SGA Update

By Kyle Naughton, SGA Correspondent & Senior Writer

The April 23rd meeting of the Student Government Association (SGA) began with senatorial updates regarding constituent feedback. Senator Pustejovsky first outlined her constituents’ concern over the current laundry system and the limited amount of options available to students. Doug Adams, the Associate Dean of Students for Residential and Student Life, stated that the SGA could potentially work alongside business services and the laundry vendor to eventually establish an alternative system.

Kevin Benscheidt presented the SGA Finance Committee (SGAFC) end of year report, asserting that this year’s expenditure of around $1.1 million was slightly less than last year’s.

The April 30th meeting of the SGA began with a discussion of the new housing system and the glitches that occurred during the registration process. Doug Adams asserted that after the system reboot on Wednesday, rising juniors and seniors could complete their housing registration without issues. Sophomores’ subsequent registration issues were eventually resolved, and the single/double draw would resume on Monday May 1st.

Colin Mackintosh ’17 presented the Endowment Affairs Report, stating that the college’s endowment has largely recouped all of its prior losses. However, David Provost, Middlebury’s Vice President for Finance, wants the college to transition from its current state of running a deficit into a system where revenues equal costs. Provost hopes to work with the SGA to determine what is financially important to students and save as many funds as the college can.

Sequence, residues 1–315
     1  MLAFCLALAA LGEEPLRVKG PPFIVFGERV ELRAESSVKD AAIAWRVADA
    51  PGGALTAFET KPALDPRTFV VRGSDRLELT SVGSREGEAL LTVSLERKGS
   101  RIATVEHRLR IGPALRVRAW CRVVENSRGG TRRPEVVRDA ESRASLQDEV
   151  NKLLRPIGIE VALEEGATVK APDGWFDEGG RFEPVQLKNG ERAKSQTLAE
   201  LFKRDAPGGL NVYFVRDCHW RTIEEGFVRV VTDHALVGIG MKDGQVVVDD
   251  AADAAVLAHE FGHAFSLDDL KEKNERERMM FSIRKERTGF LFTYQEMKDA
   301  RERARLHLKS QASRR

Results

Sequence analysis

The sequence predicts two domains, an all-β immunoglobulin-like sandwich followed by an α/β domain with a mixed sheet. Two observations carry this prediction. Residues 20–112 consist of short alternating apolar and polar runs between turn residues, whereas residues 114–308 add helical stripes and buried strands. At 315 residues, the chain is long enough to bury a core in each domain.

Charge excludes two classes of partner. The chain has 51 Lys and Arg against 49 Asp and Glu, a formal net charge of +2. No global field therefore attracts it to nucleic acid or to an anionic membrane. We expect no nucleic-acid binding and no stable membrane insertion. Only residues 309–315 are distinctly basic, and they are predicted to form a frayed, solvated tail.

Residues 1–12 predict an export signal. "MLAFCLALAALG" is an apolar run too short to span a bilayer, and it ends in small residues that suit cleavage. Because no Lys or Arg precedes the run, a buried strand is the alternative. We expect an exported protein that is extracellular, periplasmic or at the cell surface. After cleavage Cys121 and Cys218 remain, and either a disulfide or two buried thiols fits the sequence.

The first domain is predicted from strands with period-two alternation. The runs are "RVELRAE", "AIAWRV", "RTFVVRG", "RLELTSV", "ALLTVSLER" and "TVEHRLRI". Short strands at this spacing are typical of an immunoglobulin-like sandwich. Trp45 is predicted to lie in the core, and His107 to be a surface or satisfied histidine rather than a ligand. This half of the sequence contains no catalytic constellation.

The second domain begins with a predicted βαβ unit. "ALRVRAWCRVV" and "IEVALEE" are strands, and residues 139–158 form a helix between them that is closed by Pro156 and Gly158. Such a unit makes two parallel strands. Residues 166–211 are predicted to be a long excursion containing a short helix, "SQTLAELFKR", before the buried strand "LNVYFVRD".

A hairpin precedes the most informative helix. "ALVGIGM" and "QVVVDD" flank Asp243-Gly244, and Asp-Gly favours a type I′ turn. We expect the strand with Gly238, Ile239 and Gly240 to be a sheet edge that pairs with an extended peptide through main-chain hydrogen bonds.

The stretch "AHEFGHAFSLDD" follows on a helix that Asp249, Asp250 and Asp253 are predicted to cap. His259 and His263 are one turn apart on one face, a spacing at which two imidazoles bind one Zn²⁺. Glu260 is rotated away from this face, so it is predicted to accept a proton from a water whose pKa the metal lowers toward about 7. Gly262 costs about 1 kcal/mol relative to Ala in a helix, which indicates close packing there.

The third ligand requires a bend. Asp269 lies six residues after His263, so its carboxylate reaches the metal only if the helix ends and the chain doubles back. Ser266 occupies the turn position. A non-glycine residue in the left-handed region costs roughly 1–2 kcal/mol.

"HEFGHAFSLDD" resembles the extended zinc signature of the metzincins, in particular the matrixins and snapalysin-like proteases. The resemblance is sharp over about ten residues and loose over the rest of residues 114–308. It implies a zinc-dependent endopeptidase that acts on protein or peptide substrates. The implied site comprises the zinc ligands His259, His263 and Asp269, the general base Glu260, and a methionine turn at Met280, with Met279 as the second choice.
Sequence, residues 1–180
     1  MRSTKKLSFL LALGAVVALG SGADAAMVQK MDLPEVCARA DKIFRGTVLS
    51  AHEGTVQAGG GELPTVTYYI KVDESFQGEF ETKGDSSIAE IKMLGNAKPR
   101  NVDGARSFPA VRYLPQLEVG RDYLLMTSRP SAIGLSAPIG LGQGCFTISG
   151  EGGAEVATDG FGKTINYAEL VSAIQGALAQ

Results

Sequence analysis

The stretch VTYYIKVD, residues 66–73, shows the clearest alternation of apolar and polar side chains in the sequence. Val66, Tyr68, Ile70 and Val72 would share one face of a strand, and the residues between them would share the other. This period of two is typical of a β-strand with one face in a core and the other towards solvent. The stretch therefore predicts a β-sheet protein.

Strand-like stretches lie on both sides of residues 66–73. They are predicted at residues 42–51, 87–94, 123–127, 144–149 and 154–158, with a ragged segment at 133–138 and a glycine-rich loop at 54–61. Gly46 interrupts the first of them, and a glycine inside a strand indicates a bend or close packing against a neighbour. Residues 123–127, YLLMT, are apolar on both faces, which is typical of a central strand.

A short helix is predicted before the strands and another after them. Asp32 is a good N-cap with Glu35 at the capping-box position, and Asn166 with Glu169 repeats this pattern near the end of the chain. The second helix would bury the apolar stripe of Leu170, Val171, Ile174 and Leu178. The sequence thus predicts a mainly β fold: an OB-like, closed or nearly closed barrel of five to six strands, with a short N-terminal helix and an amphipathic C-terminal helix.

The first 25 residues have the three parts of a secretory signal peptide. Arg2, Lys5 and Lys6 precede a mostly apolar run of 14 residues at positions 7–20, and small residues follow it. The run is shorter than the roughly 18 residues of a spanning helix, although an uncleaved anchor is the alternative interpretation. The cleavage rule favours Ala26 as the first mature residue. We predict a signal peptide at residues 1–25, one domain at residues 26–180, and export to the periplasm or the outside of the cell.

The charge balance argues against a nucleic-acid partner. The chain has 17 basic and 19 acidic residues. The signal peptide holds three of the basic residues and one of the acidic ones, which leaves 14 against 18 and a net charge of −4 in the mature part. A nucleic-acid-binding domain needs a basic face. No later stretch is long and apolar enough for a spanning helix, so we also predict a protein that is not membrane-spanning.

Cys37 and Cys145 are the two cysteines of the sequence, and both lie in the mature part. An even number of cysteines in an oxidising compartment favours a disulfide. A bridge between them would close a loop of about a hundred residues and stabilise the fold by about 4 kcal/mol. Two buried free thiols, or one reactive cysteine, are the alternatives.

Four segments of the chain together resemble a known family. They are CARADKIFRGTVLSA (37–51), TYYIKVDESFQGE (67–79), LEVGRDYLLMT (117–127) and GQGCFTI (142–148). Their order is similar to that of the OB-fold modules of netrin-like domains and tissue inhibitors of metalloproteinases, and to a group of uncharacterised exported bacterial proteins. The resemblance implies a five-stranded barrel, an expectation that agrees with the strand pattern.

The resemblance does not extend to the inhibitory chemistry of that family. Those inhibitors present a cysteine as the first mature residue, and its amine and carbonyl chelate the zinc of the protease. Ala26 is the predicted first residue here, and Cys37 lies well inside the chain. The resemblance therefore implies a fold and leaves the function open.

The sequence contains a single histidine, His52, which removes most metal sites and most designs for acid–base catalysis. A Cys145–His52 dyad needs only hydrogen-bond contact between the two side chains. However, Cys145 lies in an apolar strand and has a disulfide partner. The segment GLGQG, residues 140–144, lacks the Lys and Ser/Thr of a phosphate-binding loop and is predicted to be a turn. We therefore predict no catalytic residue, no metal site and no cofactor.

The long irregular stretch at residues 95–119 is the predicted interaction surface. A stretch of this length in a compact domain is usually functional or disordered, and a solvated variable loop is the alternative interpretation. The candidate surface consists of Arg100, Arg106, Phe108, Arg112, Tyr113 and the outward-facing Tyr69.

Senator Aaron and Senator Goldfield presented their Academic Freedom and Diversity Bill alongside Ivan Valladares ’17. This bill strives to reaffirm Middlebury’s commitment to the preservation of freedom of speech by enabling speakers to come to campus without the threat of disruption while also enforcing students’ right to peaceful protests that do not interrupt a speaker with the intent to censor. The co-sponsors stressed that this legislation was targeted towards fostering an open and inclusive campus where opposing viewpoints may be properly discussed and debated without the need for violence or censorship.

Senator Pustejovsky was uncertain over the specific changes this bill would implement that were not already incorporated into Middlebury’s handbook, questioning the need to define language that would most likely be ignored anyway. Senator Aaron responded that students’ tendency to ignore language regarding free-speech is particularly problematic and requires the college to reaffirm its commitment to diverse viewpoints.

Senator Fleischer and Senator Duran questioned the timing of this bill regarding both the passage of the Protest Reform Bill on April 23rd and the multitude of students currently facing charges for protesting Charles Murray’s event. Senator Wright expressed the need to further define the right to free speech within an inclusive atmosphere. Valladares responded that this bill and students’ right to protest are not mutually-exclusive, and that this bill is a good starting point to begin constructive discussions regarding the freedom of speech.

Senator Pustejovsky suggested that the SGA pushes the bill onto next year’s Senate rather than voting on it after a single week. Matthew Lantin ’19.5 asserted that many students on campus agree with this bill, and that tabling it for next year might be interpreted as an aversion from properly discussing the freedom of speech. While the bill was ultimately tabled, its co-sponsors remained insistent that the SGA vote on the legislation the following week.

Senator McCarthy then presented the Student Advisory Bill that strived to create a reliable Student Advisory Committee for all departments that include informal advising for majors and classes. This bill also sought to make the contact information of students on the Committees more accessible online. The legislation was unanimously approved.